The Federal Financial Institutions Examination Council issued a joint statement Tuesday advising financial institutions to take steps to defend against cyber-ransom attacks.

Extortion from hackers is becoming more frequent and severe, the FFIEC said. Common cyber-attacks include ransomware, the process of encrypting a company's data and demanding money in exchange for the decryption key.

Some hackers have also sought to extort money by threatening denial-of-service attacks. Such threats are often made after the attacker has initially demonstrated the capability to conduct DOS attacks by flooding the company's servers and rendering its website inaccessible for users.

DOS strikes increased between April and June, according to cybersecurity company Akamai Technologies. Accompanying ransom emails often included demands for bitcoin payments.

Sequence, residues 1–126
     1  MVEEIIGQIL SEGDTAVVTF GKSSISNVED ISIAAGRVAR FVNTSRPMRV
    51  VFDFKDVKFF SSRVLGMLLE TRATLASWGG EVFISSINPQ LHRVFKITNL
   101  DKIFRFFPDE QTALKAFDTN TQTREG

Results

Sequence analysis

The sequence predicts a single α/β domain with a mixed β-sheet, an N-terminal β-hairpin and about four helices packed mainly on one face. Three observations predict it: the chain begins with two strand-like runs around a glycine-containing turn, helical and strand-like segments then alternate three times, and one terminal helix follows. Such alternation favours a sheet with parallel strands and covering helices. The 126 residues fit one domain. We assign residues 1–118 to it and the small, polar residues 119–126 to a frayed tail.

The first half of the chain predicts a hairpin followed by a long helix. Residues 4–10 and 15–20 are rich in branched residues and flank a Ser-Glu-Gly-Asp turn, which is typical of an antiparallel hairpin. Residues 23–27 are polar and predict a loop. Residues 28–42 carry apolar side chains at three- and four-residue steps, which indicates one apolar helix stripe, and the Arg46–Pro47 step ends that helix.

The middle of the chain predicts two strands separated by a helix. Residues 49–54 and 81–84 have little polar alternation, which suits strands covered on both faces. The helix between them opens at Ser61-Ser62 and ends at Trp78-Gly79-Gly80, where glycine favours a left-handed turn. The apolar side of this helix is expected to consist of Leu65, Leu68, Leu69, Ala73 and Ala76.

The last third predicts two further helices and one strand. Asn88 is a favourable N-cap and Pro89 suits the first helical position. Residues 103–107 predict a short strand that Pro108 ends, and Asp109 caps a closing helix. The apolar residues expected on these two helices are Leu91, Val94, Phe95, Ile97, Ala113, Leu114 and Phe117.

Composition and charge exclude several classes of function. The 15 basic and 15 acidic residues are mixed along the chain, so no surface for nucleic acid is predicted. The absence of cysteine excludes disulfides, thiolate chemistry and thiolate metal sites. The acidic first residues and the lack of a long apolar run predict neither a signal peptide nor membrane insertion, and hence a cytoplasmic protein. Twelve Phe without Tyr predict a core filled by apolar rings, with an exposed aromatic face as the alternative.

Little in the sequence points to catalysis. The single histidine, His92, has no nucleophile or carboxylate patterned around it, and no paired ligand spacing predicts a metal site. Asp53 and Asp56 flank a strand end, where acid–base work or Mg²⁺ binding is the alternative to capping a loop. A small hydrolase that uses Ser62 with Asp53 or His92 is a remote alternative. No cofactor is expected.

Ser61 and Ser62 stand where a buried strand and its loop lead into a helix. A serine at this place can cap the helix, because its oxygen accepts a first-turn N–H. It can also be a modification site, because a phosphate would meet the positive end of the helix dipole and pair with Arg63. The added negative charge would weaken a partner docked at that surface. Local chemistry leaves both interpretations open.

Activist hackers have also stolen sensitive consumer or business data to blackmail financial institutions, said the FFIEC. These types of attacks can inflict financial costs and inconveniences on companies, as well as threaten their reputation, the FFIEC said.

The joint statement advised financial institutions to tighten up their information security with measures such as performing regular assessments, including on third-party service providers. The regulators also advised banks to restrict the number of employees with security credentials, update cybersecurity awareness programs and share best practices with other companies through forums